Rorate Caeli

Corpus Christi: When the Train Stopped for Christ in the Blessed Sacrament - A Sermon by Fr. Richard Cipolla

 by Fr. Richard Cipolla

I celebrated the great feast of Corpus Christi last Thursday with the priests and people of the parish of Saints Cyril and Methodius in Bridgeport, Connecticut.  At the end of the Solemn Mass there weas the customary procession with the Blessed Sacrament.  As we processed outdoors around the church, a wonderful thing happened. This church is literally next to the railroad tracks that serve both Amtrak and Metro North.  The roar of trains is heard during Mass. As the procession turned the bend and came up the street facing the tracks, directly before us was a Metro North train that had stopped on the tracks.  It remained stopped for about two minutes as we approached. When we turned the corner, the train went on to its destination.  This could have been a mere coincidence, but I knew that whoever was running that train saw,  and then  knew that he had to stop.

What flashed through my mind was when many years ago now  the procession in Florence as the Cardinal processed out of the great doors of Il Duomo and began to carry the Sacred Host through the streets of Florence and how the buses stopped, how the tourists stopped, how everything seemed to stop, some knelt on the pavement as the eternal body of God in the flesh was carried through these old and increasingly secular streets;  the streets of Orvieto covered with flowers, but not only flowers, but flowers carefully arranged to form Christian symbols, carpets of flowers throughout the streets, tapestries, banners, the  best bed coverings, displayed from the upper stories of the houses. But then I remembered  the Corpus Christi procession a few years ago in Stamford, walking by a local and popular bar, the patrons coming outside to look to see what was going on, standing there, looking, gazing, some even with bottles of beer in their hand, wondering what this was all about, this walking around with the Host in the golden monstrance, what could all of this mean. Not a clue.

What does all of this mean, this feast of Corpus Christ, the feast of the body of Christ?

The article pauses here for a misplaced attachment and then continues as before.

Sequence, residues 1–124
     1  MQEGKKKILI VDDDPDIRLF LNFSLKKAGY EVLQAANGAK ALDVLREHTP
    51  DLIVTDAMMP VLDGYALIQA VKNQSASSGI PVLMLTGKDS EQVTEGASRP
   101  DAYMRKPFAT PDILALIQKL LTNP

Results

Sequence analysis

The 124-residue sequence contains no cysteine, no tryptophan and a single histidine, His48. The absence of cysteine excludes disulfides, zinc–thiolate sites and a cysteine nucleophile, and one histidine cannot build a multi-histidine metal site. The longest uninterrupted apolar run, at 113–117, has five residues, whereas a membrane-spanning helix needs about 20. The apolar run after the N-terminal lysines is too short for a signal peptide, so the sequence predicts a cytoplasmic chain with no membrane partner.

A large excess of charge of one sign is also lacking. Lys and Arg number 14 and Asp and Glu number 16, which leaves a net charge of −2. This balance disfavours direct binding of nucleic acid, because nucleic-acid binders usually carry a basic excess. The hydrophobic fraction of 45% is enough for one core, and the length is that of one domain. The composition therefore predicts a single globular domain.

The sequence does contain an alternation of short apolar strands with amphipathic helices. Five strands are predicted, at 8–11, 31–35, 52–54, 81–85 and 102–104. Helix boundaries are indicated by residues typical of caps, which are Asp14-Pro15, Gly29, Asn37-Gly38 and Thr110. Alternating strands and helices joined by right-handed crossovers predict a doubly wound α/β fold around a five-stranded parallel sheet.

God and man have become one.  There is the root of this feast, the root of the feast is Christmas, or rather what Christmas celebrates.   The astounding declaration of the fact that God became flesh, that the infinite became finite, the purely spiritual became stuff, matter, earthiness, bodyness, that is circumscribed by time and space.  But Corpus Christi goes back to creation itself, for it is a celebration of the fact of creation as an act of the love of God, of the fact of matter, of the fact of matter that is the basis of life but is transcended by life.  It is the celebration of the relationship of matter and life, it is what saves mere science from itself, --oh. how science needs this wonderful Catholic feast to put things in the proper perspective!--for Corpus Christi transforms the quasi objectivity of modern science into a celebration of creation: far from denying the reality of quarks and leptons and orbitals and DNA and RNA and neurons and development, growth and change—the Catholic faith celebrates all of this, affirms all of this, and with the smile of a Bavarian oompah band and a shower of rose petals all going before what appears to be a piece of white bread in a golden sunburst, Christmas, Good Friday, Easter, the Ascension, Pentecost, Holy Trinity, chemistry, physics, biology, mathematics, food, wine, family, friendship:  they all meet here, they all concentrate here, they all rest here, here where heaven reaches down to earth, here where the perfect Sacrifice of God is offered and received by God, here where entropy is confounded, where chaos is thwarted, where life is given and eaten, here where the words of the Logos in the flesh: hoc est enim corpus meum reveal what matter is destined for, where words become what they are supposed to be, not obstacles or veils or lies or prideful displays, but the vehicle to allow the healing and life-giving power of God—tantum dic verbo et sanabitur anima mea—to continue what was begun in the womb of Mary:  the freeing of the creation from its fallen state, its bondage of mere thingness, to become through grace the vehicle, the support, the substratum, the accidents, of the very reality of God.  But more importantly for man who is the apex, the point of God’s creation: to free him from sin, that is from all that keeps him as mere matter, mere stuff destined to death and dust, and to allow him to fulfill his true destiny to partake of the divinity of God.  The patristic dictum,  God became man in order that man might become God. is indeed shocking, and despite a need to explain what this means, this is really what this feast is all about, and all we can do is what we must do and what we are doing:  worship with our hearts, our minds, our bodies this God who in the transubstantiation of bread and wine into the body and blood of Christ shows us the reality of the transformative power of the love of God in Jesus Christ. And that is what is always comes down to and it must: the reality of God’s love for us, that love that is our only and sure hope.